By 7 p.m. Irish time (3 p.m. in New York), locals from the small village of Moneygall (population 299) gathered at Ollie's bar in the village to watch history unfold, as one of their own was about to be elected the next leader of the U.S.
Ollie Hayes, proprietor of Ollie's bar, told the Irish Voice that the atmosphere on Tuesday in his bar was just "out of this world." According to Hayes, there was a sea of American flags floating high above people's heads every time Obama's name was even mentioned on the television.
The small village was bombarded by media from around the world who camped outside Ollie's in the village to capture the Irish smiles and celebrations as it was becoming apparent that Offaly's long lost son was soon be king of the world.
"We had such a great night of celebrations and sure we're still celebrating," said Hayes.
Gerry Corrigan, member of Hardy Drew and the Nancy Boys, who wrote the popular song "There's No One As Irish As Barack O'Bama," told the Irish Voice that the atmosphere in Moneygall last Tuesday evening was sparking with electricity.
"Everyone was just so excited," said Corrigan, comparing the buzz to that of a Munster sports final game."People were glued to the television and when results started coming in people were shouting and some even crying."
Corrigan, who performed the song with his brothers Brian and Donny at Ollie's on Tuesday and then some, said they got the most amazing applause when they sang their newest song, "When President Obama Comes Home to Moneygall."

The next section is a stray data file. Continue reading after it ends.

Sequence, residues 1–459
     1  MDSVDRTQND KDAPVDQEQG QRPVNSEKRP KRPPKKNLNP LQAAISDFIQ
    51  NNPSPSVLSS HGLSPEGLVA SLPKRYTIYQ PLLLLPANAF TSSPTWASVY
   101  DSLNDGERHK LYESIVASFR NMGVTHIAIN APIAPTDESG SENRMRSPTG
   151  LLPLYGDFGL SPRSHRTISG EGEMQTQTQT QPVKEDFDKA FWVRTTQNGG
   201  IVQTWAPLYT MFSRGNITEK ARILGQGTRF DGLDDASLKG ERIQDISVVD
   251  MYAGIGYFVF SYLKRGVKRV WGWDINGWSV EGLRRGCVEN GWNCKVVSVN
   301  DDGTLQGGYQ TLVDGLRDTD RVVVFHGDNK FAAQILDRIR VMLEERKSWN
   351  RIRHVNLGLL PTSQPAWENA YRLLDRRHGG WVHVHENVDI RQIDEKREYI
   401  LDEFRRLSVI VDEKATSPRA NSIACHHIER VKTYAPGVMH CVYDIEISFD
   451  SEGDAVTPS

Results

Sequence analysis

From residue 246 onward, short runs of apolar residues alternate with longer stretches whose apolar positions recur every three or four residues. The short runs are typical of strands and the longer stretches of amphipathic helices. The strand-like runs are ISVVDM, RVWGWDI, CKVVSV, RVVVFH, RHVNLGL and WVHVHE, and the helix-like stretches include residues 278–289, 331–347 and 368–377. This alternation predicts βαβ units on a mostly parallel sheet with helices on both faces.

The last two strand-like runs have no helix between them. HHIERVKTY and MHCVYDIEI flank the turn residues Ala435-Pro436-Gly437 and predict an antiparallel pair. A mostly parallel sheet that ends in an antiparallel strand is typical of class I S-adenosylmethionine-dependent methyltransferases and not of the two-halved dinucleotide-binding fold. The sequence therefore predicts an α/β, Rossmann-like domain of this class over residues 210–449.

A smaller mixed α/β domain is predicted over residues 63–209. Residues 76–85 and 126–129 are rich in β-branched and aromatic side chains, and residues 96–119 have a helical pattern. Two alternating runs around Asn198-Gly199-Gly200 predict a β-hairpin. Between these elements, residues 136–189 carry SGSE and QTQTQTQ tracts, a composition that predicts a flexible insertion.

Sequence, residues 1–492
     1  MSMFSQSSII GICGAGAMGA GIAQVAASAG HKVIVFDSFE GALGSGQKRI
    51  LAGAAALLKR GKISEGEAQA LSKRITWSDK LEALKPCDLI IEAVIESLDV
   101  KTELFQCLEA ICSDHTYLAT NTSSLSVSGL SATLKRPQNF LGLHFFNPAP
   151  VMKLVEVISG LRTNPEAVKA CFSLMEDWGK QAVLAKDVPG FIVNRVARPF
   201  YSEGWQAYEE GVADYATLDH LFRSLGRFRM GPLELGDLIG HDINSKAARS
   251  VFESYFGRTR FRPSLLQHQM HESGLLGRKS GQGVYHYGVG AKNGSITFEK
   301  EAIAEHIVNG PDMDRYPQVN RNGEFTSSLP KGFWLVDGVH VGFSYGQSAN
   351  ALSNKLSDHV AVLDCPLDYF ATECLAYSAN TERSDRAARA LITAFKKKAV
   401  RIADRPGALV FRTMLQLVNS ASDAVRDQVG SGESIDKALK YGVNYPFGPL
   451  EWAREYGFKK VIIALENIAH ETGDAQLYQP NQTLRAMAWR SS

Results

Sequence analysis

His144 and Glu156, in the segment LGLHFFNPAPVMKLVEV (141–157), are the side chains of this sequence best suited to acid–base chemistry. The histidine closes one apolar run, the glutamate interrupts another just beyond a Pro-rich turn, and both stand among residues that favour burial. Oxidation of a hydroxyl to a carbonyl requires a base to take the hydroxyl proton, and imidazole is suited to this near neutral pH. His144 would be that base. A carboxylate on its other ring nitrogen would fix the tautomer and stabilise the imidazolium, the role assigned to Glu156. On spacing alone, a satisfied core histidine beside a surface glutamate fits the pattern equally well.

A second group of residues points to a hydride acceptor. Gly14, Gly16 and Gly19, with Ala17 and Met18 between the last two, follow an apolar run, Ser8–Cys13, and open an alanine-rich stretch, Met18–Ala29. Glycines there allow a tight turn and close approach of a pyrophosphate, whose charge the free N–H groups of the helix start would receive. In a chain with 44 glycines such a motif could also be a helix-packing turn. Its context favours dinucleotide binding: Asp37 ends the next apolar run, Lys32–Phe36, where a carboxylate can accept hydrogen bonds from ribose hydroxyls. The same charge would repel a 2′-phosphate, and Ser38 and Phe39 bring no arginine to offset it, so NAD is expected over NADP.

"I got very emotional, I never experienced anything like it. It was like the birth of a child, just a really warm great feeling. So many people expecting a bit of change," recalls Corrigan, who hails from Limerick.
At 4 a.m. Irish time on Wednesday, (11 p.m. New York time) the normally quiet village of Moneygall was still alive with enthusiasm and excitement as Obama was officially announced the 44th president of the U.S.
Henry Healy, a ninth cousin of the president-elect, said after the festivities finished up at Ollie's he headed home and proceeded to watch the rest of the results pour in on his television set. Like the millions awake in the United States, Healy's eyes remained glued to the box and he was overjoyed at 4 a.m. when it was announced to the world that his far distant cousin was the winner.
"I've never experienced anything like it before," said Healy, an accountant for a plumbing company.
Healy, the most famous man in Ireland the day following the announcement, got a little over two hours sleep that night and was up again the next morning doing interviews.
On his connection to the Obama, Healy said, "I still see Barack Obama as this guy on the television that I am some way related to but have still yet to meet."
Cannon Stephen Neill, the man largely responsible for uncovering Obama's Irish roots, said the celebrations in Moneygall were fantastic.
"It was so fantastic to be on the edge of something new and different. It's all very exciting," said Neill."I suppose it's great to be part of something so big for a small village in rural Ireland, to be in the center of such a huge world event."
Neill, 39, said Obama's invitation to visit his relations in Moneygall is greatly extended and although he realizes that Obama will have more pressing issues to deal with when he takes up office, he hopes that someday he will find the time to visit Ireland. "We would look forward to welcoming him to Moneygall and give him a real Irish welcome. I think it would be a value to him to learn about his Irish roots also."
Plans are already underway at Ollie's bar and in the village to host another big celebration the night Obama is officially inaugurated as president.